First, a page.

Even before Republican voters in Kentucky cast their ballots on Tuesday, the favorite in the Republican U.S. Senate primary has already declared "there's a tea party tidal wave coming."He's right about one thing: Rand Paul and tea party candidates certainly will be deciding where the Republican party goes over the next several years. I just happen to believe that destination is the political wilderness.
"It's already gotten to Utah, and tomorrow it comes to Kentucky," Rand Paul told a crowd of supporters in this town, where he has long worked as an eye doctor.
In his final rally before the election, Paul sounded confident not just of victory over Kentucky Secretary of State Trey Grayson, but of being part of a tea party movement that he thinks will change politics.
Polls show Paul comfortably ahead in the GOP race to replace retiring Sen. Jim Bunning (R-Ky.). He argues that a win here will help solidify the tea party's place both within the Republican Party and in the broader national political landscape.
"Tomorrow's election will be big, it's going to be big for us in Kentucky, it's going to be big nationally," he said. "It will be the first victory for a tea party candidate in a statewide election, and this will have huge ramifications."
"We the tea party, we the people of Kentucky will help decide what that message is, where the Republican Party goes, what the Republican Party becomes," he added. "This is an important election. You will be part of helping define the direction of our country the next few years."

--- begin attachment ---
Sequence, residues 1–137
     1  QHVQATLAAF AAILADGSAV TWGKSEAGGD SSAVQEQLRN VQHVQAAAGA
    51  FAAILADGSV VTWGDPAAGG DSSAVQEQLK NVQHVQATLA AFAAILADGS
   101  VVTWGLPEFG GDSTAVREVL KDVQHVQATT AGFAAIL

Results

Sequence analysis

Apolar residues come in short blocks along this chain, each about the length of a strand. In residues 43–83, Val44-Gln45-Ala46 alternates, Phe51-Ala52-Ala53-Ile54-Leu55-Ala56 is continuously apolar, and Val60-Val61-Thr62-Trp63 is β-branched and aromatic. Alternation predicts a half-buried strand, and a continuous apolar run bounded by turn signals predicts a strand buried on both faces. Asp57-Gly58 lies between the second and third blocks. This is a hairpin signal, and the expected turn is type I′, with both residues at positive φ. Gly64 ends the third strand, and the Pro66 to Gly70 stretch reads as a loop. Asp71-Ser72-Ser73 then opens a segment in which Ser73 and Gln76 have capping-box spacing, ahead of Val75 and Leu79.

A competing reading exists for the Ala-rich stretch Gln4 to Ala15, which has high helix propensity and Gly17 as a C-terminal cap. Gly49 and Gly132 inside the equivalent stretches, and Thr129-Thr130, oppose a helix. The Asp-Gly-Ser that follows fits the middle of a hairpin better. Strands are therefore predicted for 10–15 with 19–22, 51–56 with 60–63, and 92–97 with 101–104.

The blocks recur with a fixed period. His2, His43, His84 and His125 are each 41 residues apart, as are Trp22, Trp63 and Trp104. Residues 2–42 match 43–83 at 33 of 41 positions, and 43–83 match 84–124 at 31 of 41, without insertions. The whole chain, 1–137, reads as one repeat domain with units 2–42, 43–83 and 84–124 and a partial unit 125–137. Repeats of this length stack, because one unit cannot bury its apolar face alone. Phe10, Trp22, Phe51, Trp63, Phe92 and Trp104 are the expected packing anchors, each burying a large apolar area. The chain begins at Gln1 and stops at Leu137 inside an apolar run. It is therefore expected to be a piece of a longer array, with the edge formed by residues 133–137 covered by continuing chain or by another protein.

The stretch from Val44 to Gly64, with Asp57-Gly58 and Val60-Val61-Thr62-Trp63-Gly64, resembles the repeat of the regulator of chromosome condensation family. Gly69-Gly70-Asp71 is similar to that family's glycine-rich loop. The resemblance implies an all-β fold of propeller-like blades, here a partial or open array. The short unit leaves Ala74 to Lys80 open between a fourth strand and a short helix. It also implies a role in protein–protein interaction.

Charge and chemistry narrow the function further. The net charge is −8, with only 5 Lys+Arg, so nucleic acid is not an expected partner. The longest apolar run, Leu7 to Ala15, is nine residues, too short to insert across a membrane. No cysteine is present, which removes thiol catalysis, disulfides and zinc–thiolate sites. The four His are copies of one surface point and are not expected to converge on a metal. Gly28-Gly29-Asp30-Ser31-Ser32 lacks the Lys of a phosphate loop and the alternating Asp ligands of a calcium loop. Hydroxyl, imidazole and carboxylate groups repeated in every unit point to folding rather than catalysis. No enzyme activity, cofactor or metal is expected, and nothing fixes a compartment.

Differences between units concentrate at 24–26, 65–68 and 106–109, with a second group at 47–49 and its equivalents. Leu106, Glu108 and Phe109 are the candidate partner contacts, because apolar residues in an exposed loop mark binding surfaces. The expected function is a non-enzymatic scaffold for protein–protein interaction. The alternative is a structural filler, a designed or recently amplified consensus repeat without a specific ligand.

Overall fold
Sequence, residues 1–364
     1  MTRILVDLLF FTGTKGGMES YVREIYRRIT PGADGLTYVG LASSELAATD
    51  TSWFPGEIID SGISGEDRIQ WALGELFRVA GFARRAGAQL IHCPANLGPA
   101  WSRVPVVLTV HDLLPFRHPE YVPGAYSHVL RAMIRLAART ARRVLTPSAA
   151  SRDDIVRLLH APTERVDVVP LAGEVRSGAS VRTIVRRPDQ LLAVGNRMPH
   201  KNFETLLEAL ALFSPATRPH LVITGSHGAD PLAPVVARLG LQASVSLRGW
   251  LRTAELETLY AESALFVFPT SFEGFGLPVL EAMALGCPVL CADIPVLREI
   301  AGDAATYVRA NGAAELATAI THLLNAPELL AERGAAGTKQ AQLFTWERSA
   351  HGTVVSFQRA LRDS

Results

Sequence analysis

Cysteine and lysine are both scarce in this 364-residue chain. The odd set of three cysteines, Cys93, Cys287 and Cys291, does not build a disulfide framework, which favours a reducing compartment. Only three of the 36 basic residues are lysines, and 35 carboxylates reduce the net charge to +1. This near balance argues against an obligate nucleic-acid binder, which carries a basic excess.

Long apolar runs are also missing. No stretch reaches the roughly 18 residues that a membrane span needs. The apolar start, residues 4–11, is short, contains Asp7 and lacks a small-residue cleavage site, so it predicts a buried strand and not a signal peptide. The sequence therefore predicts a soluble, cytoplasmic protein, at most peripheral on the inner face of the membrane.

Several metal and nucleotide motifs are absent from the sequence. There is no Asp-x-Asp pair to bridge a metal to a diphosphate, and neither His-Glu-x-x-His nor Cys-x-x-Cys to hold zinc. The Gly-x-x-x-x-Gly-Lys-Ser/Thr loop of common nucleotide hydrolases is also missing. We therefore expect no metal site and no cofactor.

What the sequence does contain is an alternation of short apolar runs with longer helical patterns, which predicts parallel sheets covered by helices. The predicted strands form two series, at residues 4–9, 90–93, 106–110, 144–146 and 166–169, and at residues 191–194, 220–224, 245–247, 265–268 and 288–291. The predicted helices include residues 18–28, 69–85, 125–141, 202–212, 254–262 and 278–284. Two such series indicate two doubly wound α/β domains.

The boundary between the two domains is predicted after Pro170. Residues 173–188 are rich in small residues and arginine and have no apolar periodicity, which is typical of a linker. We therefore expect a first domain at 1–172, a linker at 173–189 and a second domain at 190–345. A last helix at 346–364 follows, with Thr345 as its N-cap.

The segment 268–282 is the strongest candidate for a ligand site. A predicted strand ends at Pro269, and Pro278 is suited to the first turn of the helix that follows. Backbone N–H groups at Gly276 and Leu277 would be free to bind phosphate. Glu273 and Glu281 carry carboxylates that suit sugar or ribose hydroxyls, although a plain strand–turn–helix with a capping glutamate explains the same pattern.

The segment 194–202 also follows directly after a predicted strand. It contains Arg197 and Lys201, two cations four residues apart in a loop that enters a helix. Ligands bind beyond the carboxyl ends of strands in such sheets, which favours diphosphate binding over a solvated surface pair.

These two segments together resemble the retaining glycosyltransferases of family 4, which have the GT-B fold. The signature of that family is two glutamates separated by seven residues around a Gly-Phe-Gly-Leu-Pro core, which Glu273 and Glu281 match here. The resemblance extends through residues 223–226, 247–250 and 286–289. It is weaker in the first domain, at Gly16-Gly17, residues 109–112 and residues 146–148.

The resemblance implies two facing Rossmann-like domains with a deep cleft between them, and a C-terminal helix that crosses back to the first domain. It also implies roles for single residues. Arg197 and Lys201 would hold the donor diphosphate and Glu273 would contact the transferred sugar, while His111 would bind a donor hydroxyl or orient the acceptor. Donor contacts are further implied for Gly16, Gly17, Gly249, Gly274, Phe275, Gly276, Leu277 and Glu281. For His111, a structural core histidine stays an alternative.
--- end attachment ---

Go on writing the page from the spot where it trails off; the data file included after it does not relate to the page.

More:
Paul talks the talk, but he's going to find actually implementing the "solutions" he has will be much harder. And I think as impatient as some manic progressives are about Obama, they're going to be even less tolerant of tea party heroes like Paul when they can't deliver the goods. Getting elected is easy. Governing, making laws and passing them, well, that's not so simple.
Unless the Tea partiers plan on magically getting a two-thirds majority in the House and Senate to override Obama vetoes, they're not going to get a damn thing done between now and 2012. And unless a Republican magically steps up to challenge Obama then, well they'll have to deal with the Big O until 2016 to boot.
Somehow I doubt the force behind that tidal wave is going to be that patient. Besides, Paul has to win in November first, and should Jack Conway pull it off tomorrow, he's going to have a real interesting time.
Oh, and check Nate Silver's article on exactly how going Teapublican could really hurt the GOP this fall.